"Poems sold" and "Humor" are categories apparently established by Payne.

There are several versions of at least one projected book of poems, 1930s-1960s. Titles proposed for versions having title pages include "Light Verses and Verses for a Child: Afternoons and Mornings (Half-A-Hundred Poems) for a Middle-aged Child," "Under the Bright Blue Walls, or, Afternoons and mornings (Half-A-Hundred Poems) For a Middle-aged Child," and "Afternoons and Mornings (Half-A-Hundred Poems) For a Middle-aged Child." Some versions are untitled, but have acknowledgments pages listing previous publishers of the poems included. Versions of a projected children's book seem to be an expansion of "For a Child," published by the University of North Carolina Press as Part III of Released. There is also a collection of typed poems labeled "Sampler. Sonnets, Lyrics, Light Verse." (See also Related Collections.)

"Published poems" are mostly award winners in competitions sponsored by the North Carolina Poetry Society, the Poetry Council of North Carolina, or the Poetry Society of America. There are also published minutes of the Poetry Society of America listing readings of Payne's poems and the awards they won from the Society and the title page from a 1925 copy of The Reviewer, edited by Paul Green and published by the University of North Carolina, listing one of the Payne's poems.

Poems outside these groupings are arranged in alphabetical order as "Miscellaneous poems."

Also included are a few typed short stories and essays, most annotated with place and of publication.

Folder 1

Poems sold (A-M) #04934, Series: "1. Writings, 1920s-1960s. " Folder 1

Folder 2

Poems sold (N-W) #04934, Series: "1. Writings, 1920s-1960s. " Folder 2

Folder 3

Humor (A-G) #04934, Series: "1. Writings, 1920s-1960s. " Folder 3

Folder 4

Humor (H-N) #04934, Series: "1. Writings, 1920s-1960s. " Folder 4

Folder 5

Humor (O-W) #04934, Series: "1. Writings, 1920s-1960s. " Folder 5

Folder 6-8

Folder 6

Folder 7

Folder 8

Projected book of poems (untitled, undated) #04934, Series: "1. Writings, 1920s-1960s. " Folder 6-8

Folder 9-11

Folder 9

Folder 10

Folder 11

Projected book of poems (titled, undated) #04934, Series: "1. Writings, 1920s-1960s. " Folder 9-11

Folder 12

Sampler. Sonnets, Lyrics, Light Verse (undated) #04934, Series: "1. Writings, 1920s-1960s. " Folder 12

Folder 13-14

Folder 13

Folder 14

Published poems #04934, Series: "1. Writings, 1920s-1960s. " Folder 13-14

Folder 15

Miscellaneous poems (A-K) #04934, Series: "1. Writings, 1920s-1960s. " Folder 15

Folder 16

Miscellaneous poems (L-Y) #04934, Series: "1. Writings, 1920s-1960s. " Folder 16

Folder 17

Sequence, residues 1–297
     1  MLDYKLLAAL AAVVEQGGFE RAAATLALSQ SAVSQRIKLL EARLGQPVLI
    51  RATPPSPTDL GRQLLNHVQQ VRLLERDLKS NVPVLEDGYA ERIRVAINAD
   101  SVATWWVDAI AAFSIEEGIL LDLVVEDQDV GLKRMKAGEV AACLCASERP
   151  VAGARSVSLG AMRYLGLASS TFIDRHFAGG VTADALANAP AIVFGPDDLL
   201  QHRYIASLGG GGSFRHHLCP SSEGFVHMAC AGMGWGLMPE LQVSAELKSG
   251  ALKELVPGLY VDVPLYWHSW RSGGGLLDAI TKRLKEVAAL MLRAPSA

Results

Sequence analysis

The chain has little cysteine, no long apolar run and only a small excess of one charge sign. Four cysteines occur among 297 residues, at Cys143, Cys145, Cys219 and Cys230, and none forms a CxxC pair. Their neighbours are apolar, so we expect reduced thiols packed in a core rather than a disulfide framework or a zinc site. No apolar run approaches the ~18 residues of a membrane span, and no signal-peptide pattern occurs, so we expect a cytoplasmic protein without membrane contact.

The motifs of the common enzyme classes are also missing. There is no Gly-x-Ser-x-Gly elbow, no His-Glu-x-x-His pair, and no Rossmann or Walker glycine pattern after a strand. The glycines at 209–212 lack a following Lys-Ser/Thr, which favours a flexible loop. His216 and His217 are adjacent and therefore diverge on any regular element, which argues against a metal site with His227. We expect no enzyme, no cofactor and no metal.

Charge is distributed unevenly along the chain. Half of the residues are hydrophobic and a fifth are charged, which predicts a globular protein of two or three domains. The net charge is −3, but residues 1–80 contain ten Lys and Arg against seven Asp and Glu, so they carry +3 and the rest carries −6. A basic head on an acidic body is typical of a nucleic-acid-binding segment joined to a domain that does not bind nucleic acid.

Short stories and essays #04934, Series: "1. Writings, 1920s-1960s. " Folder 17

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expand/collapse Expand/collapse Series 2. Correspondence, 1920s-1960s.

About 50 items.

Arrangement: chronological.

Correspondence chiefly relating to the publication of Payne's poetry, including two invoices and a note from Paul Green, then editor of The Reviewer, discussing the author's poetry and accepting at least one poem for publication; items concerning anthology publication; and requests for permission to offer for publication a few of Payne's poems set to music. Also included are a program for the annual dinner of the Shakespeare Club of New York City and invitations to formal functions, one sponsored by the English-Speaking Union of the United States, the other by the Poetry Society of America.

Folder 18

Correspondence #04934, Series: "2. Correspondence, 1920s-1960s. " Folder 18

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expand/collapse Expand/collapse Series 3. Clippings,1920s-1960s.

About 40 items.

Arrangement: alphabetical.

Newspaper clippings from the Raleigh News and Observer, the Washington Daily News, the Waldoboro Press, the New York Herald Tribune, and other newspapers and magazines. Most are clippings of published poems, with a few reviews of Payne's work, including mention of Released (University of North Carolina Press, 1930) and her plans to publish one or two other books of poetry. Some of the articles are illustrated with photographs of Payne. A clipping of one of the author's poems set to music is also included.

Folder 19

Clippings #04934, Series: "3. Clippings,1920s-1960s. " Folder 19

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expand/collapse Expand/collapse 4. Pictures, Undated.

4 items.

Arrangement: chronological.

Four black and white studio photographs of the poet, one as a child, one apparently as a teenager, and two as an adult. One of the adult photographs is in postcard format. None of the photographs is dated.

Folder P-4934

Photographs #04934, Series: " 4. Pictures, Undated. " Folder P-4934

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expand/collapse Expand/collapse Items Separated

Items separated include: P-4934/1-4.